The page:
This year, Presidents Day was punctuated by a disheartening declaration. 

“We need a national divorce,” said Georgia Republican Rep. Marjorie Taylor Greene in a Twitter post that garnered nearly 35 million views. “We need to separate by red states and blue states and shrink the federal government. Everyone I talk to says this.” 

The statement from the controversial congresswoman came on the day the nation celebrates the president who inaugurated the union and the one who refused to let it break apart, and earned Greene rebukes from two Utah politicians, Gov. Spencer Cox and GOP Sen. Mitt Romney.   

“This rhetoric is destructive and wrong and — honestly — evil,” Cox said in response to Greene’s post. “We don’t need a divorce, we need marriage counseling.” 

Romney referred to Greene’s statements as “insanity.”

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This is not the first time Greene has taken to Twitter to promote what some see as the normalization of sedition and others see as a return to the Founders’ federalist vision, nor is hers a view relegated to just a few on the political extremes. 

In recent years talk of secession has appeared more frequently on the left — with top Democratic operatives exploring the idea during Donald Trump’s presidency — and the right, with prominent conservative talk show hosts floating the idea on air.

While recent surveys suggest that a large percentage of Americans are open to some version of a national divorce, experts say the idea is no cure-all for the country’s problems, though it may encourage productive discussions about the relationship between states and the federal government.

What is a national divorce?

The idea of a national divorce can mean at least two things, according to Ryan Griffiths, a political science professor at Syracuse University who specializes in the study of secession and state sovereignty. 

The first interpretation of a national divorce is “sovereign secession,” when a portion of a country breaks away and declares independence. “That’s a very difficult path that I think people throw out for rhetorical purposes,” Griffiths said in an interview with Deseret News. “It’s very rare to have a peaceful divorce.”

The second interpretation would involve Washington, D.C., shifting power to the states and possibly a “reshuffling” of state borders “to align the interests of groups in those regions with other like-minded groups,” Griffiths said.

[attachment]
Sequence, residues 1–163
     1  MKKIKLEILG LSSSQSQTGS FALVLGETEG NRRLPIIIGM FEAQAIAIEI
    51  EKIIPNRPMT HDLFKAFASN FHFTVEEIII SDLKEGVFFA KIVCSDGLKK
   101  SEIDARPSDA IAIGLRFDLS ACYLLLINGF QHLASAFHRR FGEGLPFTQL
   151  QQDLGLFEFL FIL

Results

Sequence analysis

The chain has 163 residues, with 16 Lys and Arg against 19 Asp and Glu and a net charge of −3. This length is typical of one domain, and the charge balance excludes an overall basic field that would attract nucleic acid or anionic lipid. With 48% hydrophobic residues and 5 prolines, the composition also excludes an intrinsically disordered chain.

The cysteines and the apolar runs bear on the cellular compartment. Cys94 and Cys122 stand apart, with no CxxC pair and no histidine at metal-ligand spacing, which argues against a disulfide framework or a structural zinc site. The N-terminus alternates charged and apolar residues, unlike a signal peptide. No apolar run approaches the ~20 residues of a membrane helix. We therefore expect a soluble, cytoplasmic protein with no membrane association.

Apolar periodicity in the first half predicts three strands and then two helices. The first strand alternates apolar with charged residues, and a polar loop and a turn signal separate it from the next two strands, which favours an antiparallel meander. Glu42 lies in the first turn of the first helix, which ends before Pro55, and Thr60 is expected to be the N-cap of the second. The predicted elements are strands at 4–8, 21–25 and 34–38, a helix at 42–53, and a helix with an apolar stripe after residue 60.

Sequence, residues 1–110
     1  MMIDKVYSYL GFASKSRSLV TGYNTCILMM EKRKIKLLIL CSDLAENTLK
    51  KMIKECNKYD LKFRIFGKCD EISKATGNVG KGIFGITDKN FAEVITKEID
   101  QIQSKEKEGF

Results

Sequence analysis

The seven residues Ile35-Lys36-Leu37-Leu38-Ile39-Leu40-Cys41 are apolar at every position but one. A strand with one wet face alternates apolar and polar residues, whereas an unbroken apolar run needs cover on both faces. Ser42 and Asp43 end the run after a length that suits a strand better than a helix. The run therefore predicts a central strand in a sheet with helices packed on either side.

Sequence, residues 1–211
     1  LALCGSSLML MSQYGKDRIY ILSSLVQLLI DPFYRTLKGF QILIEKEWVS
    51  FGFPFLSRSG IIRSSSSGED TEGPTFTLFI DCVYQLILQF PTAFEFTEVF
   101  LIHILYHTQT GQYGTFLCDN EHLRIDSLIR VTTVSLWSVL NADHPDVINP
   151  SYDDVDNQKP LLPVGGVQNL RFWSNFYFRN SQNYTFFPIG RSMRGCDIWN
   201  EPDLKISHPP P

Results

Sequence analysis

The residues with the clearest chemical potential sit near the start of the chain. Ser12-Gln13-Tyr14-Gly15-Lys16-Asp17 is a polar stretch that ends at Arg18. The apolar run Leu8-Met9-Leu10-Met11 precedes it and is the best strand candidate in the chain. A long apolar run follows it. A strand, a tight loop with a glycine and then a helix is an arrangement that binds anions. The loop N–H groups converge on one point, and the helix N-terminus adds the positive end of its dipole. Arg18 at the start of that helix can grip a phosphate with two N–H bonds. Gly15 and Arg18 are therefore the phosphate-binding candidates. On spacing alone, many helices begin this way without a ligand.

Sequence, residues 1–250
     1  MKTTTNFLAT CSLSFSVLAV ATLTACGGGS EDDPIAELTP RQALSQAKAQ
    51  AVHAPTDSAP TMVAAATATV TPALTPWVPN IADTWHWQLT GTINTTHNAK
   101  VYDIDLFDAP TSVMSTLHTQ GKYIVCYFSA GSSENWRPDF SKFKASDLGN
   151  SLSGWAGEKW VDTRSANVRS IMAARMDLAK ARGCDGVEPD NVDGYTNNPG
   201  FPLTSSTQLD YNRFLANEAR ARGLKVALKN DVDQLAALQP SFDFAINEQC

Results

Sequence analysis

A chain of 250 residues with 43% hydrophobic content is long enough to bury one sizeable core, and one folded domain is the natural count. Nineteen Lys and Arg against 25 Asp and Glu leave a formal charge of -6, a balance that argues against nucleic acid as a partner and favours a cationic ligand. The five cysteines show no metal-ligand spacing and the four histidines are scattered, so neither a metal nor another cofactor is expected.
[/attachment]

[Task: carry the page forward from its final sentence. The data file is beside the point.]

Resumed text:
And it’s this second view that is most likely held by Greene and the majority of those who suggest the need for a national divorce, says Chuck DeVore, the chief national initiatives officer at Texas Public Policy Foundation and author of “The Crisis of the House Never United — A Novel of Early America.”

“When people refer to a national divorce, in that context, what they’re referring to is that there’s no room anymore for meaningful local or state level adjustments,” DeVore said. “Instead we increasingly have a very powerful national government that will tell you what to do, and often the person doing the telling isn’t even elected.”

The day after her Presidents Day tweet, Greene clarified her position, saying that she was not calling for civil war but rather for “a legal agreement to separate our ideological and political disagreements by states while maintaining our legal union.”

In a long Twitter thread, Greene said that most federal programs should be abolished, that states should have complete control over education, economic regulations and election laws, and that the Department of Defense should be limited to protecting the border. 

DeVore said these desires are well-founded and fit into a long history of American political thought. But, he said, there is a “very vocal minority” who literally advocate for a region of the country “divorcing” itself from the rest. 

“I would argue that they haven’t fully thought through the implications of doing something like that,” DeVore said. 

Not a simple solution 

The list of implications of a full-fledged national divorce is a long one. 

If the U.S. were to undergo some sort of division there would be no clear way of determining how the nation’s nuclear arsenal, military personnel, debt, and international treaties and obligations would be split up, Griffiths said.

There’s also no obvious means of identifying which regions of the country would want to join together, Griffiths said. Despite a plethora of proposed maps that divide the country into red and blue halves, even the bluest states, like California and New York, contain millions of Republican voters.

“You’d have to go through an incredible unmixing or sorting process before you could actually concentrate those groups,” Griffiths said.